Thinking About Divorce? 3 Things to Consider First

Relengage Marriage Ministry article photograph of a married couple looking at the wedding rings sitting in the center of the table in front of them, placed on top of divorce papers.

Marriage can be one of life’s most rewarding adventures, but also one of the most challenging. When your marriage seems to be a constant source of pain and conflict, divorce can start to feel like the only way out. Unfortunately, life after divorce doesn’t always pan out the way you picture it. If you’re thinking about divorce, here are three things you should know first:

1. Divorce doesn’t fix problems; it just exchanges them.

Divorce is incredibly costly, both financially and emotionally. Any relief it offers is replaced by the stress of the divorce process and life afterward. In addition to lawyer fees, alimony, child support, and the division of assets, consider the less obvious costs: lost productivity and time, for instance, and diminished health. If you have children, you will still be in regular contact with your ex, forced to split time with your children, including holidays and birthdays. Divorce has devastating effects on mental health even years later, and unhappily married adults are typically no happier after they divorce. Even your social life may take a hit, as friendships tend to fracture along party lines when people “pick sides.”

Bottom line: People often think their lives will be better or easier after a divorce but find the opposite to be true. Divorce changes things in ways you might not expect, and it’s important to be realistic about what you are signing up for before starting down that road.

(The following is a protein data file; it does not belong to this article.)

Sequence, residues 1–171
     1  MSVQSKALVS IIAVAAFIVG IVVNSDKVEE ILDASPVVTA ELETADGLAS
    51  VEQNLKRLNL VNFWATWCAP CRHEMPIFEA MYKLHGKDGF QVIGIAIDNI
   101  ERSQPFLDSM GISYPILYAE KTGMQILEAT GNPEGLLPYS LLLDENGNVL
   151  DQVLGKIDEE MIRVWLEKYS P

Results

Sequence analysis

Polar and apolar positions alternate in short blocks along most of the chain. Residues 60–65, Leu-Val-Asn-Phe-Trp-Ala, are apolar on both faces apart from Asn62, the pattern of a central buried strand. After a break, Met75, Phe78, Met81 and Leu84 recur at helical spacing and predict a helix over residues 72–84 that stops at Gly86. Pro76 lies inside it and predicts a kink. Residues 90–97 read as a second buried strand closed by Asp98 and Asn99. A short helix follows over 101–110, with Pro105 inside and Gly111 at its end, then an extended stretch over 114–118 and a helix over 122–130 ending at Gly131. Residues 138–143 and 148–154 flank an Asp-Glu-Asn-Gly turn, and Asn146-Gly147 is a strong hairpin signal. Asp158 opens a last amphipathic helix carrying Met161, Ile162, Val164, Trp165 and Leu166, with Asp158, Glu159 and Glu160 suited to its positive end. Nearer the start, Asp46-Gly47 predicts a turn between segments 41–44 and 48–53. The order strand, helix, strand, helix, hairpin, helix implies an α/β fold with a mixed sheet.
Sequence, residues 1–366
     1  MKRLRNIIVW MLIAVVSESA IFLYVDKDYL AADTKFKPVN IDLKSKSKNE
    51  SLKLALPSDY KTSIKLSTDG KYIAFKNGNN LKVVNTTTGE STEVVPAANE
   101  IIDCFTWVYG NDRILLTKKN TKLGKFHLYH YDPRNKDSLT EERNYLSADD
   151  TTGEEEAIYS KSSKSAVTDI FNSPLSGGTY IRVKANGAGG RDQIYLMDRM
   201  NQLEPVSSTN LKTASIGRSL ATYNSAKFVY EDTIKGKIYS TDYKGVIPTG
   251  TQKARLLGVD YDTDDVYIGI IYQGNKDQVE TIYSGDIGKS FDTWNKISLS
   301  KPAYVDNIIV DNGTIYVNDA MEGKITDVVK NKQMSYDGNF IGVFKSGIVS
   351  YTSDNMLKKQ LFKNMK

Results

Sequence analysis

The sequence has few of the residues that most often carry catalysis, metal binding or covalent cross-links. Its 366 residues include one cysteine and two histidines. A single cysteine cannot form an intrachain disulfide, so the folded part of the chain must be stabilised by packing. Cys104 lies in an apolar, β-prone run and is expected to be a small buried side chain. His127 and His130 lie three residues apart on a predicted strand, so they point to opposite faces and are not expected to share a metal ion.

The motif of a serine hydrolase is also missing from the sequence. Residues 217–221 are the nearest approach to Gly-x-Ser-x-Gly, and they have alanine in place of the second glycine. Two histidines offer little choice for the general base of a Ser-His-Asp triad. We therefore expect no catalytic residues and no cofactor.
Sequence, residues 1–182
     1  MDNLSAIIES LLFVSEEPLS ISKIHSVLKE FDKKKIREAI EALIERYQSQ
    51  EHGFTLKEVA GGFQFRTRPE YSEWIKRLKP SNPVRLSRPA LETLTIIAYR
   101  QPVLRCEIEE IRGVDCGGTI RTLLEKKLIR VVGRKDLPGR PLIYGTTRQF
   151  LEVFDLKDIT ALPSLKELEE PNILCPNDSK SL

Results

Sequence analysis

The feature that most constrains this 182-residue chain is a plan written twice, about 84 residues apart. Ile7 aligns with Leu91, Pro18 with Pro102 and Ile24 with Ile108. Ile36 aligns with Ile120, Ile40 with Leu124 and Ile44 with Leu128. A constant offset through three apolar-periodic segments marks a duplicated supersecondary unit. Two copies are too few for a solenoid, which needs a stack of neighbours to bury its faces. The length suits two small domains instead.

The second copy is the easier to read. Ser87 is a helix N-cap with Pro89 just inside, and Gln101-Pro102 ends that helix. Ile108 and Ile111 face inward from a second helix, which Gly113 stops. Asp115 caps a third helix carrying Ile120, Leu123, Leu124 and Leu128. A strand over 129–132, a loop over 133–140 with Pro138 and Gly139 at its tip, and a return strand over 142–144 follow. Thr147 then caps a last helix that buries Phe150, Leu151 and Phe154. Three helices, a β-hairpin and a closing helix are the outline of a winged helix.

2. Even considering divorce damages your marriage.

The “marital endurance ethic,” as described by University of Chicago sociologist Linda Waite, boils down to the principle that simply deciding to commit to your marriage is the best way to begin healing it. Imagine your marriage like a house in need of repair. If your plan is to let the house go to foreclosure, you won’t invest time or money into caring for it. But if your plan is to live there for the rest of your life, you’ll work to keep it in good shape. It’s the same person and the same house, but your commitment becomes a self-fulfilling prophecy.

Similarly, your marriage might need a lot of work, but you’ll never put in the time as long as divorce is in the back of your mind as an escape hatch. You can outlast your problems if you just decide not to quit.

3. There are always more options.

Your marriage is far more valuable than a house or a car, and you would never throw either of those away without first exhausting every option to try to repair them. Even if you have poured your effort into your marriage with seemingly no result, there is always more you can try before you give up. You can find your way back to each other, but someone usually has to make the first move. Attend individual counseling or couple’s counseling. Sign up for a marriage restoration ministry like re|engage.

If your spouse isn’t willing to work with you, start by working on the only thing you can control—yourself. You’ve probably imagined becoming a new you after leaving your spouse—working out more, starting better habits, speaking more kindly to your family, and so on. Why not do those things now? If your marriage ends in divorce, you haven’t lost anything by working on yourself.

Of course, if there are any safety concerns in your relationship, a period of separation under the guidance of a pastor or Christian counselor might be wise. Fighting for your marriage never means putting yourself or your children in harm’s way. Please talk to a pastor or professional if you are confused about the line between difficulty and danger. Help is available. You can also learn more about re|engage or find a re|engage group near you.

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